Mammal Embryos Develop Normally In Space
An indication that humans might be able to reproduce in the great beyond, too
It seems increasingly plausible that humans will colonize space. But to continue the human race as we know it, we would have to reproduce in space. Up until now, scientists weren’t sure that was possible—one 2009 study conducted in simulated zero gravity, and another done in 1996 in which NASA scientists sent embryos to space, did not see any mammalian embryos develop.
But that was not the conclusion that was reached by a new study, which conducted on the Chinese microgravity satellite SJ-10. The researchers claim that their experiment proved for the first time that mammal embryos can develop normally in space, according to China Daily and Gizmodo.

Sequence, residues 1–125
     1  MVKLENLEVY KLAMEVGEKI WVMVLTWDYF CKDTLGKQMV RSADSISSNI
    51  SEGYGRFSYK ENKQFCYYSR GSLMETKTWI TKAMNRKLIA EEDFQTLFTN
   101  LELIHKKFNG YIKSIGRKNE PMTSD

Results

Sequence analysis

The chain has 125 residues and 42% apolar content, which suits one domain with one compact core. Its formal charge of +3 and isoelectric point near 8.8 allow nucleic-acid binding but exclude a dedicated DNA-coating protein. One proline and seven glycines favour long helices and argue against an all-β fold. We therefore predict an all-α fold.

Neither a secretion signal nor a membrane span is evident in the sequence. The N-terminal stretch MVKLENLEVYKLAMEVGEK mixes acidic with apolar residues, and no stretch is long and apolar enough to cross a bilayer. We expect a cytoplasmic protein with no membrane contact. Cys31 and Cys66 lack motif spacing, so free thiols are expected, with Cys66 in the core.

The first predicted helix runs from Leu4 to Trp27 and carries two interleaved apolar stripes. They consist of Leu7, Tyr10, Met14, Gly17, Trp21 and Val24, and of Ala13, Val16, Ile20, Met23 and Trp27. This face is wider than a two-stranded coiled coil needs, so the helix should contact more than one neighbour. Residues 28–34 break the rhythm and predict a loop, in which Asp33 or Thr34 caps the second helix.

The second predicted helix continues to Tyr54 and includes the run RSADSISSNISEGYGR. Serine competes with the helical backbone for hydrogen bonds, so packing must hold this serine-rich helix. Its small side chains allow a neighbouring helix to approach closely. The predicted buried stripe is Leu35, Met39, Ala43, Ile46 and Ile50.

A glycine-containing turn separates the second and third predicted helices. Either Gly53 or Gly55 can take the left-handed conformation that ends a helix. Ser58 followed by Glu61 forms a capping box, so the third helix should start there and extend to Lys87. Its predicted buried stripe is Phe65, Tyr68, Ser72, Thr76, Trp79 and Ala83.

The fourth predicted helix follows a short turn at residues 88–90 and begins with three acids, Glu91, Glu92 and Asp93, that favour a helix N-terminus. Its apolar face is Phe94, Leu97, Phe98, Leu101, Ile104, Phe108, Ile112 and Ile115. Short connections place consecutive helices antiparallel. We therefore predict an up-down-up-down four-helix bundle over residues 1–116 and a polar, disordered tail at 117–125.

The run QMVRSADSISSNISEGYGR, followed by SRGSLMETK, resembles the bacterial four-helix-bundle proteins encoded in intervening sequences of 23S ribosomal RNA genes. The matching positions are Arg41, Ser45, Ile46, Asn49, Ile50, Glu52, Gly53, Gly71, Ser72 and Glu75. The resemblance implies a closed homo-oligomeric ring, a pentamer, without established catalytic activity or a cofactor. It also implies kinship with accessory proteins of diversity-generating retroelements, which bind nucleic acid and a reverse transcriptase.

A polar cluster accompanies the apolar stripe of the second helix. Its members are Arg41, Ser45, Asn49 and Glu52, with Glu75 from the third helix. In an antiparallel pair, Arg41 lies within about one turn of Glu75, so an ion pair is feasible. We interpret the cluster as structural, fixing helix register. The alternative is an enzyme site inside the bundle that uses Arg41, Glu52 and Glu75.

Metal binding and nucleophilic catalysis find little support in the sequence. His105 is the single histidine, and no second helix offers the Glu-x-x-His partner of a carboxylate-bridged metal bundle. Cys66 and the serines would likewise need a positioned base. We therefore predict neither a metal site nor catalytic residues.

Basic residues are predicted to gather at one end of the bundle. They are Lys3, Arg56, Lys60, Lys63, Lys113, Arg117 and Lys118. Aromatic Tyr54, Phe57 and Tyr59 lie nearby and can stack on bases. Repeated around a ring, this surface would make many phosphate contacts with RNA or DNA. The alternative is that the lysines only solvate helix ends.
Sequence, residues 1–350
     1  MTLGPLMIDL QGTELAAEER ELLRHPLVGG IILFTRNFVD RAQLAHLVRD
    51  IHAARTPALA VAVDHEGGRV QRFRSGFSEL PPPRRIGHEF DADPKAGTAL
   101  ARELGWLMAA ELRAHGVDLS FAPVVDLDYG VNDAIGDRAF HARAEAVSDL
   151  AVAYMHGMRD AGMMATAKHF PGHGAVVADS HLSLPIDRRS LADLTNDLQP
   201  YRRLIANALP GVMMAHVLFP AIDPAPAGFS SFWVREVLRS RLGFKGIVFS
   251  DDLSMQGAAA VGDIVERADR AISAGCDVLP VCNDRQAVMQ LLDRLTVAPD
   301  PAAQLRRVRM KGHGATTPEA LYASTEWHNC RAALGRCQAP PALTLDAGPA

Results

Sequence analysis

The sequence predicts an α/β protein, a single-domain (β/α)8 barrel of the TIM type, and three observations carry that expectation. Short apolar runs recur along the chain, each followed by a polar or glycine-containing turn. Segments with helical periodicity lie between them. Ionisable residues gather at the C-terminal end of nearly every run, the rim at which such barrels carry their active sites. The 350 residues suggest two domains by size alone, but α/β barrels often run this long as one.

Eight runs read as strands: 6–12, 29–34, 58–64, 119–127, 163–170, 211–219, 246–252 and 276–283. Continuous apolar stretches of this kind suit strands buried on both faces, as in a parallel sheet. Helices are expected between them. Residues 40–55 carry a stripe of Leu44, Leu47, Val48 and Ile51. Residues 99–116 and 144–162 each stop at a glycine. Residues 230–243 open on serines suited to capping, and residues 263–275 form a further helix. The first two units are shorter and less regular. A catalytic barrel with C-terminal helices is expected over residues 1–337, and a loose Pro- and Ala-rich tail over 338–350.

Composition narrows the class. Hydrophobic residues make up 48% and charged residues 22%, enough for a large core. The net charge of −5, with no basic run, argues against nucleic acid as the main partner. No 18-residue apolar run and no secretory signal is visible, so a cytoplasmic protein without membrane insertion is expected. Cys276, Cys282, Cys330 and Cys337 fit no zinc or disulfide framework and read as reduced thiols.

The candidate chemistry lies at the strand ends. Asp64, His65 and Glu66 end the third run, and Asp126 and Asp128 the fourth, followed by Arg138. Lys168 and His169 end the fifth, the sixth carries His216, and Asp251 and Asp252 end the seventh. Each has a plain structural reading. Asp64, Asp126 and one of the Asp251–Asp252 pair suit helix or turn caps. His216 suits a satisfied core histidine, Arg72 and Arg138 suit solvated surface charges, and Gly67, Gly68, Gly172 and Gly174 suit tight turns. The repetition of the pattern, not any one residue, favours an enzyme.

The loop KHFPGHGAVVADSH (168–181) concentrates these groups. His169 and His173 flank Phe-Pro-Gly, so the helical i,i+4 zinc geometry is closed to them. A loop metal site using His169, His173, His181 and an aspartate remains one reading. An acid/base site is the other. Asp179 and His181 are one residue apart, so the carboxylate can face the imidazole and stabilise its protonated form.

The satellite launched into space on April 6, bringing 20 experiments with it. 6,000 mouse embryos were loaded into an enclosed chamber about a cubic foot in size. At launch, the embryos were only two cells, very early in their development, and were in a solution that fed the embryos the nutrients they needed to mature. The researchers outfitted the chamber with a camera that took photos of the embryos every four hours.
From those photos, the researchers found that within four days, a number of the embryos developed into blastocysts, a more complex embryo that has some cell differentiation.
This is an initial indication that the embryos were able to develop normally in zero gravity. But, of course, the question still remains if the same results would hold true for humans.
“This represents an important milestone in human space exploration,” Aaron Hsueh, a reproductive biology professor at Stanford University, told China.org.cn. “One small step for mouse embryos, one giant leap for human reproduction,” he said.
Researchers just retrieved part of the satellite from Mongolia today; the researchers can conduct a more detailed analysis of the embryos in person.